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US To Acquire J-20 Stealth Fighter-Sized Target Drone To Replicate 5th-Gen Threats From Russia & China

In a move that underscores its commitment to maintain technological superiority, the Pentagon has recently reinvigorated a program that centers around acquiring a large, jet-powered stealthy aerial target drone. 

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The program aims to utilize the drone’s versatile features to mimic advanced adversary stealth fighters like Russia’s Su-57 Felon and China’s J-20 Mighty Dragon and their electronic warfare capabilities. 

On August 4, Advanced Technology International, Inc. was granted a contract for developing the prototype of the 5th Generation Aerial Target (5GAT).

The initial disclosure of this agreement was brought to light by Aviation Week, with the comprehensive details of the contract being released on the United States government’s official System for Award Management (SAM) contracting website earlier this month.

The contract, valued at approximately $77.2 million if all milestones and options are fulfilled, was conferred by the US Army Contracting Command’s division in Orlando, Florida. 

This award was granted on behalf of the Pentagon’s Test Resources Management Center (TRMC), as specified in the official contracting notice. 

The document further designates Advanced Technology International, Inc. as the “prime managing” entity responsible for this endeavor while acknowledging Sierra Technical Services, Inc. as a subcontractor in this program. 

The drone’s configuration, to be built by Advanced Technology International and Sierra Technical Services, is an upgraded version of a model previously engineered by the latter firm during an earlier phase of the 5GAT program. 

The program earlier faced a temporary suspension when the prototype crashed during its inaugural flight on October 23, 2020, owing to a software glitch.

However, the combined system effectively achieved all intended ground test objectives, and the aircraft’s configuration and overall design are still considered robust. 

Therefore, in pursuit of a cost-effective, advanced aerial target for assessing emerging generations of fighter aircraft, air-to-air weaponry, and targeting sensors, the TRMC revitalized the 5GAT program. 

They subsequently issued a call for bids through a US Army contracting office in April 2022, and the contract was awarded on August 4.

5th-Gen Aerial Target (5GAT)

The new contract was awarded to the small business contractor to refine the design, build more prototypes, and return the aircraft to flight testing. 

In a contract award announcement, the TRMC said, “The goal for the program is to obtain ‘game-changing,’ revolutionary high-risk/high-reward advancements that propel the ability to perform [the military’s test and evaluation] activities, thus mitigating the time frames of associated military capability obsolescence.”

The award announcement mentioned that due to the high costs and extended operational lifespans of the latest fifth-generation fighter aircraft, there is a shortage of retired airframes that adequately mirror the attributes of fifth-generation threats. 

The salient features, including size, signature, and electronic attack payloads, are pivotal characteristics lacking in these available airframes.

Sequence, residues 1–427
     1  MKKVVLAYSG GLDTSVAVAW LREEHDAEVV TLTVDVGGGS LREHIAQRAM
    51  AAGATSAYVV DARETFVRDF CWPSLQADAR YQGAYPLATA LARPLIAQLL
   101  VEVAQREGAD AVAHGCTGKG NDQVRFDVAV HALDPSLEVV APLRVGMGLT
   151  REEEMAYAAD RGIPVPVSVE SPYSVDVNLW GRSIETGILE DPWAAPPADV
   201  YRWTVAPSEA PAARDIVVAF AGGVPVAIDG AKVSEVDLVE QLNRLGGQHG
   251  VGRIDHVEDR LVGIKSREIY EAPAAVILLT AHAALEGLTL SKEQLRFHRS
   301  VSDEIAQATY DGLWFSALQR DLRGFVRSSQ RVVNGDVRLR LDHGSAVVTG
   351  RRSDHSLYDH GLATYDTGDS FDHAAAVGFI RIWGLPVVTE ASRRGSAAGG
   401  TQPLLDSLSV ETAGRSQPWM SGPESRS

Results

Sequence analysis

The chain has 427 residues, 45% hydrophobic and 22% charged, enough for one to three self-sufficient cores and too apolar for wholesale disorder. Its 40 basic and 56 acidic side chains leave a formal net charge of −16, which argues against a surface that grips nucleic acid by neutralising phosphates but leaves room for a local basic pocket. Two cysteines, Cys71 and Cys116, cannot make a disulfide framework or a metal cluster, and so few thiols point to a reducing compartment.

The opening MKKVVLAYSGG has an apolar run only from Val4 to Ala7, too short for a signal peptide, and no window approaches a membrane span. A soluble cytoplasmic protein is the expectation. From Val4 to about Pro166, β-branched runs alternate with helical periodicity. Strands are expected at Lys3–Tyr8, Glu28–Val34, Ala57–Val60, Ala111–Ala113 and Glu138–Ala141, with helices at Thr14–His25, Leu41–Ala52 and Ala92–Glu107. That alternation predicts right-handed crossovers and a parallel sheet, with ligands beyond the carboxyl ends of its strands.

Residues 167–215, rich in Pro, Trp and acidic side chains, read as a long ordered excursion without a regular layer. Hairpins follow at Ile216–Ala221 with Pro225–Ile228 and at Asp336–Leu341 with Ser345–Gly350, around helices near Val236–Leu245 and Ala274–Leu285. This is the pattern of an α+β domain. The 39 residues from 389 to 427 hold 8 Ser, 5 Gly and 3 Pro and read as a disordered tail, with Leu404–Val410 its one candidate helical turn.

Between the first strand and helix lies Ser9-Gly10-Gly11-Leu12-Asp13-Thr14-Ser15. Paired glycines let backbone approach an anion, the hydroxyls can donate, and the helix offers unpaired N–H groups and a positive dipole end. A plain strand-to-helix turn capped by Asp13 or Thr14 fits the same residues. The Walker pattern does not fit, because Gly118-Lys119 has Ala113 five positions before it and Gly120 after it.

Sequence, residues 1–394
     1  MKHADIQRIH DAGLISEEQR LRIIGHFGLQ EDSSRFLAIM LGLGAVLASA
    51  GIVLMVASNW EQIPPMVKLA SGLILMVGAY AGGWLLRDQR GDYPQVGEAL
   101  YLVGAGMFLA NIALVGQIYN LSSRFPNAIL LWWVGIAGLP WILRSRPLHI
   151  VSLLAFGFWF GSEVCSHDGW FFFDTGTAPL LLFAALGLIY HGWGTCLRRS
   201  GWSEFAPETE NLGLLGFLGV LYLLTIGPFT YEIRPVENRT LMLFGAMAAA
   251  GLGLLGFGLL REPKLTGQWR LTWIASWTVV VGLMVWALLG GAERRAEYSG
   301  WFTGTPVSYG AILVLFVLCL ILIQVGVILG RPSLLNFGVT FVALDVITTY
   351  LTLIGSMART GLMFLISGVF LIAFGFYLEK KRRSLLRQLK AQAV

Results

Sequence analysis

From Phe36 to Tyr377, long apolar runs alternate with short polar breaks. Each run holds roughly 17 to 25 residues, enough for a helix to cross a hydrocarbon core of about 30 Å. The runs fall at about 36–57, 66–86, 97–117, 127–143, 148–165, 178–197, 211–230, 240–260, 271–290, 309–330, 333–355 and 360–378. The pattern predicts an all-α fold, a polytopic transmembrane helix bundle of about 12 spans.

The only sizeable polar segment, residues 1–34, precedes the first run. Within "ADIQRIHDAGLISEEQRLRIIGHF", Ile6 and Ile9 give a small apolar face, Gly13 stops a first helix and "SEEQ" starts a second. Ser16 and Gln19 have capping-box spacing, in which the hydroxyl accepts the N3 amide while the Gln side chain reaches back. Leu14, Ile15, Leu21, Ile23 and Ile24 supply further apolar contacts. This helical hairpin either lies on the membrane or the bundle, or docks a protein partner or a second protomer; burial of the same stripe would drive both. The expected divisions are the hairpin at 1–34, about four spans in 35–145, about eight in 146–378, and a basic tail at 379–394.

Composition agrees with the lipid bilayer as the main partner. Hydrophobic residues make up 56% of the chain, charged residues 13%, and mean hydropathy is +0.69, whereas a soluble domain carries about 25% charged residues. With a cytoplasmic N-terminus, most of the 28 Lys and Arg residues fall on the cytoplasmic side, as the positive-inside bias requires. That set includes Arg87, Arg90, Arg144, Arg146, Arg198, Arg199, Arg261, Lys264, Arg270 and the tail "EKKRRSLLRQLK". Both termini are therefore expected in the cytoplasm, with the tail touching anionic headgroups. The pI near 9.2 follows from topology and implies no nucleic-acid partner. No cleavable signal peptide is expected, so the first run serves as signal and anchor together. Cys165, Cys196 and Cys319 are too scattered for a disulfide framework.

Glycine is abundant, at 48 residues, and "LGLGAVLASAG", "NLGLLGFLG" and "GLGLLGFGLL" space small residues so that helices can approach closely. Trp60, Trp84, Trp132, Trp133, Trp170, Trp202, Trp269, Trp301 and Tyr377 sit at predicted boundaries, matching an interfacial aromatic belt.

The recently granted contract is a continuation of a program that commenced 17 years ago. In 2006, the Directorate of Operational Test & Evaluation (DOT&E) embarked on evaluating designs for a novel aerial target. 

Fifth Generation Aerial Target (5GAT)
A concept image shows a Fifth Generation Aerial Target (5GAT) releasing chaff while evaluating a heat-seeking missile fired by a Lockheed Martin F-35. Credit: Sierra Technical Systems

By 2015, an investment of $11 million had been channeled into advancing the program. Subsequently, two years later, Sierra Technical Services (STS) secured a $36.7 million contract to fabricate and fly the initial pair of 5GAT prototypes.

The resultant design of the drone strives to achieve a minimal radar signature, enabling the military to gauge the efficacy of new technologies against a stealthy airborne threat. To streamline expenses, the 5GAT aircraft also repurposes major systems, such as GE Aerospace J85 engines, from retired aircraft like the Northrop T-38 Talon.

The original prototype of the 5GAT exhibited distinctive characteristics, comprising an elongated nose section, diamond-shaped wings positioned towards the rear, and tricycle landing gear, which enabled conventional takeoff and landing. 

The initial version also incorporated an array of stealth-enhancing attributes, including a sculpted forward fuselage, utilization of honeycomb composite structures in its assembly, intricately designed intakes that cleverly concealed the radar-reflective fan surfaces of its J85 engines, and engine exhausts characterized by serrated patterns resembling saw teeth.

Nonetheless, the call for replicating such advanced aerial threats within training exercises and test and evaluation events is progressively intensifying. This demand stems from the need to improve preparedness and proficiency in dealing with sophisticated adversaries. 

However, a noteworthy facet of this requirement is the necessity to achieve such replication in a manner that remains economically viable. 

Sierra Technical Services previously revealed its goal of achieving a unit cost below $10 million, aligning seamlessly with the longstanding requisites outlined by TRMC and the Army for an advanced target drone.

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